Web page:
Variable Refrigerant

Variable Refrigerant Flow (VRF)

A variable refrigerant flow system utilizes a configuration in which multiple indoor units (evaporators) are used with a single outdoor unit (condenser) to enable multiple zone air conditioning while keeping the cost at a minimum.

The term variable refrigerant flow refers to the power of the system to regulate the quantity of refrigerant flowing to the multiple evaporators. The utilization of multiple indoor units allows a variable cooling capacity rating for each unit depends on the room or zones’ space.

Variable Refrigerant Flow (VRF) Types

Various types of VRF are available to choose from; 2 pipes, 3 pipes, air and water-cooled along with Gas Driven systems for buildings with power limitations. When the indoor units are in the cooling mode, they act as evaporators; when they are in the heating mode, they act as condensers.

Firstly, the 2-pipe heat pump system;

This particular system is perfect for simultaneous operational hours in locations such as retail stores, cellular offices, open plan areas or any other area that require heating OR cooling exclusively. This is due to the systems’ limitation to only cool or heat spaces altogether but not do both at the same time.

Secondly, the 3-pipe heat recovery system;

Unlike the 2-pipe HPS, the 3-pipe configuration allows simultaneous heating AND cooling between spaces and zones. Each indoor unit is branched off from the 3 pipes using a splitter which is controlled by a combination of valves.

When the indoor units are within the cooling mode, they act as evaporators; once they are within the heating mode, they act as condensers. an inside unit requiring cooling will open its suction line and liquid line valves and act as an evaporator. an inside unit requiring heating will open its hot gas and liquid line valves and can act as a condenser. Heat rejected from working space being cooled could be used to heat another space without any more energy addition. This balancing act has the potential to produce significant energy savings.

Variable Refrigerant
Finally, the water-cooled system;

The water-cooled system components are in fact identified as the previously mentioned systems, with one exception being that the condenser’s primary heat exchanging medium is water, with heat conduction through flat plates to increase the water’s temperature. Such a system is used when vertical space used for risers for an air-cooled refrigeration system is unavailable and space restrictions apply.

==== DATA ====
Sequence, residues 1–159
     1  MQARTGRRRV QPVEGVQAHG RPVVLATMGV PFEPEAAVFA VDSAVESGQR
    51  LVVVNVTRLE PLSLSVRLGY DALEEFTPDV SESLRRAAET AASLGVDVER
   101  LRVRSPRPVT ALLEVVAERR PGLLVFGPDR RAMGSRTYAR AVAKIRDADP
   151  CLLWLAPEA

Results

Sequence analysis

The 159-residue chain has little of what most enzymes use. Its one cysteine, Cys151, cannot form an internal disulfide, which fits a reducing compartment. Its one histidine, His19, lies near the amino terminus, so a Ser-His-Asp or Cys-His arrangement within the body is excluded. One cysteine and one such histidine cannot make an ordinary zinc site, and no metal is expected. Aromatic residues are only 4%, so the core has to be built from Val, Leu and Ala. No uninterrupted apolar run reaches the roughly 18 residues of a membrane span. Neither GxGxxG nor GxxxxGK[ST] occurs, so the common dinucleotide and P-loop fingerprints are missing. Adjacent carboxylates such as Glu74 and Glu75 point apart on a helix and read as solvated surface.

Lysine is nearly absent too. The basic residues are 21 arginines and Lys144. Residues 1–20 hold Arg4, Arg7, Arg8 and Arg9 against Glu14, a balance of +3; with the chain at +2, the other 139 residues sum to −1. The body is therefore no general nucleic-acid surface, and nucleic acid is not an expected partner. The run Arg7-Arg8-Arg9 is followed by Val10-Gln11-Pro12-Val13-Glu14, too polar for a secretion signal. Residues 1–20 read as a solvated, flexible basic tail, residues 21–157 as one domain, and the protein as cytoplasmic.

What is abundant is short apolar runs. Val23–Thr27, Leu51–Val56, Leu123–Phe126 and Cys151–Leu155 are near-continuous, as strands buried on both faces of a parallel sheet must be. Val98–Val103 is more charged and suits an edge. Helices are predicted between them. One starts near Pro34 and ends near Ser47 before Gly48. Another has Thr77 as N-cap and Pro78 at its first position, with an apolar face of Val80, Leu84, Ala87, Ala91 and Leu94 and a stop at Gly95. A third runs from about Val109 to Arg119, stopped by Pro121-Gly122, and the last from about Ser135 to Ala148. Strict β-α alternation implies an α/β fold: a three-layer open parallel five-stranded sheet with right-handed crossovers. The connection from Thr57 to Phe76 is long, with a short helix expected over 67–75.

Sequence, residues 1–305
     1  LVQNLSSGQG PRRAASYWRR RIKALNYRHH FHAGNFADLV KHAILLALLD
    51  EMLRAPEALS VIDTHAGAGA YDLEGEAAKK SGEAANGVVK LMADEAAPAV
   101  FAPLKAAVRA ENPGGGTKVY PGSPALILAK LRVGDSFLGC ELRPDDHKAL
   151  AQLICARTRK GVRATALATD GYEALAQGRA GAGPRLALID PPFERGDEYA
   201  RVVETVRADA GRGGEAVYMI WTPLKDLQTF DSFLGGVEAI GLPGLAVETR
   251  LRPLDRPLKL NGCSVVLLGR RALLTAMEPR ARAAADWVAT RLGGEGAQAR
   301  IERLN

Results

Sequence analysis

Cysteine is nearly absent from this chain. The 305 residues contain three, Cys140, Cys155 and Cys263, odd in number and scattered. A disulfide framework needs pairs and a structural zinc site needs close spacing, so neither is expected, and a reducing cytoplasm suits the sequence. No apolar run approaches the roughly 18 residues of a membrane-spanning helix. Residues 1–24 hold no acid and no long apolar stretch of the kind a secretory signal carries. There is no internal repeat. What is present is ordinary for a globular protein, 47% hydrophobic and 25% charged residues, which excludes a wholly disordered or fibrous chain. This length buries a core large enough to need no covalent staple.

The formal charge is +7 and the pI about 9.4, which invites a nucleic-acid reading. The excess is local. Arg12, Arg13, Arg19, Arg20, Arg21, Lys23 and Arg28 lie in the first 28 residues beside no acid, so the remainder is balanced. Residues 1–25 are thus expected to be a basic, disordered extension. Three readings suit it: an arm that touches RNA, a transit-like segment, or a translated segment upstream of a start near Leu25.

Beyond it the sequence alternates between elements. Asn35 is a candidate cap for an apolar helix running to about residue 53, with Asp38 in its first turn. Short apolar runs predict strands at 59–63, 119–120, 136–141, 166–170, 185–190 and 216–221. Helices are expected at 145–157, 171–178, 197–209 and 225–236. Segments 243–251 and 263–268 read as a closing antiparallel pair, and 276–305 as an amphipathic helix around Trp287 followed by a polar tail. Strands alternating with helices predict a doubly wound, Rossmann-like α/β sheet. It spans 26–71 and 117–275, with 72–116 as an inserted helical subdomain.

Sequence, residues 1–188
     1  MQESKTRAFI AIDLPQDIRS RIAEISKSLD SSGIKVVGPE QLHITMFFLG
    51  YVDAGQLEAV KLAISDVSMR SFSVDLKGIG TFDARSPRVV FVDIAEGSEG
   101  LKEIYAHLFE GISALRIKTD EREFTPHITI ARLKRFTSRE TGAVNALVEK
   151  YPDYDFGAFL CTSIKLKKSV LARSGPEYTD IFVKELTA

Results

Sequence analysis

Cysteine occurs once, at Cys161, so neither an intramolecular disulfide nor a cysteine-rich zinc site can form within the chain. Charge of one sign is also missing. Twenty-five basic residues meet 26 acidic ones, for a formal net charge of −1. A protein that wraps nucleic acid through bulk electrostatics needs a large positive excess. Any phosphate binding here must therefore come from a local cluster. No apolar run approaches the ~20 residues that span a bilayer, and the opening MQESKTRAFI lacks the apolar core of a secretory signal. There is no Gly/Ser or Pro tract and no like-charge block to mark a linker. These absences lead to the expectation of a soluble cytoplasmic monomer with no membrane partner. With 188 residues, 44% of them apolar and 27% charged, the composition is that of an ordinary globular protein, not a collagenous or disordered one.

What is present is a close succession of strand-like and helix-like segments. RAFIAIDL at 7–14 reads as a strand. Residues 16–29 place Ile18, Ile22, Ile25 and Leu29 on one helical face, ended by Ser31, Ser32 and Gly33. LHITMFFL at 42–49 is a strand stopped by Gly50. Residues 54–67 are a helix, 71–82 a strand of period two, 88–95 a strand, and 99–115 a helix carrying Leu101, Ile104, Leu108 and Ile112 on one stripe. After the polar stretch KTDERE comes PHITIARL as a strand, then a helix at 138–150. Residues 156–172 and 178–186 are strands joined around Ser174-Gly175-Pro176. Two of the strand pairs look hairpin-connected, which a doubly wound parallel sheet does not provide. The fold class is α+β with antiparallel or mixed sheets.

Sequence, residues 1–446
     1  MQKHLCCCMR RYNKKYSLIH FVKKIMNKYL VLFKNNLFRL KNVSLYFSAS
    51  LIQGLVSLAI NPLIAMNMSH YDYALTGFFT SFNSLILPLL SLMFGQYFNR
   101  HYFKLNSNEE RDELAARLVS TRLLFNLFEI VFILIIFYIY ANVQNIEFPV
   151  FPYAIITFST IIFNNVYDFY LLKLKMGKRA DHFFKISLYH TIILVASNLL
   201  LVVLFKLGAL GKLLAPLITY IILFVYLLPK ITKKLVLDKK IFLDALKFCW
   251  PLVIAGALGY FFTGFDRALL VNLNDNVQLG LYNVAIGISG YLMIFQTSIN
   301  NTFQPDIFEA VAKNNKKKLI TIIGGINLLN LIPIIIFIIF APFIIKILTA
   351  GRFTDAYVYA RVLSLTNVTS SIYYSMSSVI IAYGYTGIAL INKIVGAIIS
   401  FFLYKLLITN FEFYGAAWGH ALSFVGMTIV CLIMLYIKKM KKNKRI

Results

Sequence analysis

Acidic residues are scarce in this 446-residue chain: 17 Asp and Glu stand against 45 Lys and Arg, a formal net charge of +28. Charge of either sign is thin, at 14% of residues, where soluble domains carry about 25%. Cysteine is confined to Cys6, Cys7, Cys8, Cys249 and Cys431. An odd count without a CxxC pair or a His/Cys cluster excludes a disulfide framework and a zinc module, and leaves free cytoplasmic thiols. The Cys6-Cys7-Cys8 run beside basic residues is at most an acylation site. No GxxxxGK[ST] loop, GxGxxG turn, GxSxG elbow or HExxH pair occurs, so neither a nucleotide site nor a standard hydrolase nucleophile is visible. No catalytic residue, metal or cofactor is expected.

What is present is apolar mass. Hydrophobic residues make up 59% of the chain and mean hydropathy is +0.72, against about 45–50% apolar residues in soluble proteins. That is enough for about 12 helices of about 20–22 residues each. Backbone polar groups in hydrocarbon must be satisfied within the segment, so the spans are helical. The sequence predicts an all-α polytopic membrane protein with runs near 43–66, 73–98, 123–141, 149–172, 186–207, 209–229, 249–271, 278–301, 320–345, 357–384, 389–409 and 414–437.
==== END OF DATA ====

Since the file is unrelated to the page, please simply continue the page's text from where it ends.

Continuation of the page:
The system is noticeably quieter and vastly improves space usage. Moreover, the water loop used is easily routed to its dry cooler or its cooling tower.

Variable Refrigerant Volume (VRV)

Variable Refrigerant

While the differences between VRF and VRV systems can be minimal and might go unnoticed, both systems have a degree of exclusiveness to be considered. 

VRV systems are technologically more sophisticated in its smart control of the refrigerant specific volumetric expansion and the resulting cooling effect. This is done to precisely tailor the building or zone’s requirements of cooling or heating to its specific needs to minimize the operational cost (electricity, maintenance, etc.) of the HVAC system. In fact, VRV is the most energy-efficient cooling solution available if executed and installed perfectly. 

The system has multiple controllers that monitor a range of parameters and use a lot of sensors to optimize power usage. This includes but not limited to personal movement in and out of zones, patterns of heating or cooling needs, motion sensors, planned meetings at a zone in a specific time and so on. Several zones might even be independently shutoff to halt power draw.

The mechanism achieves more sustainability in the long run, as end-users save on energy costs while reducing their system’s carbon emissions.

Each individual indoor unit determines the capacity it needs supporting the present indoor temperature and requested temperature from the remote.

The overall demand for all indoor units will determine how the outdoor unit adjusts the refrigerant volume and temperature accordingly. By only supplying the cooling or heating that’s needed, the compressor continues to save lots of an outsized amount of energy during VRV operation.

Additional information about both variable refrigerant systems include;

Variable Refrigerant
Get your quote now!
We are here to answer your questions about Variable Refrigerant Flow (VRF) and Variable Refrigerant Volume (VRV) Systems.
Contact us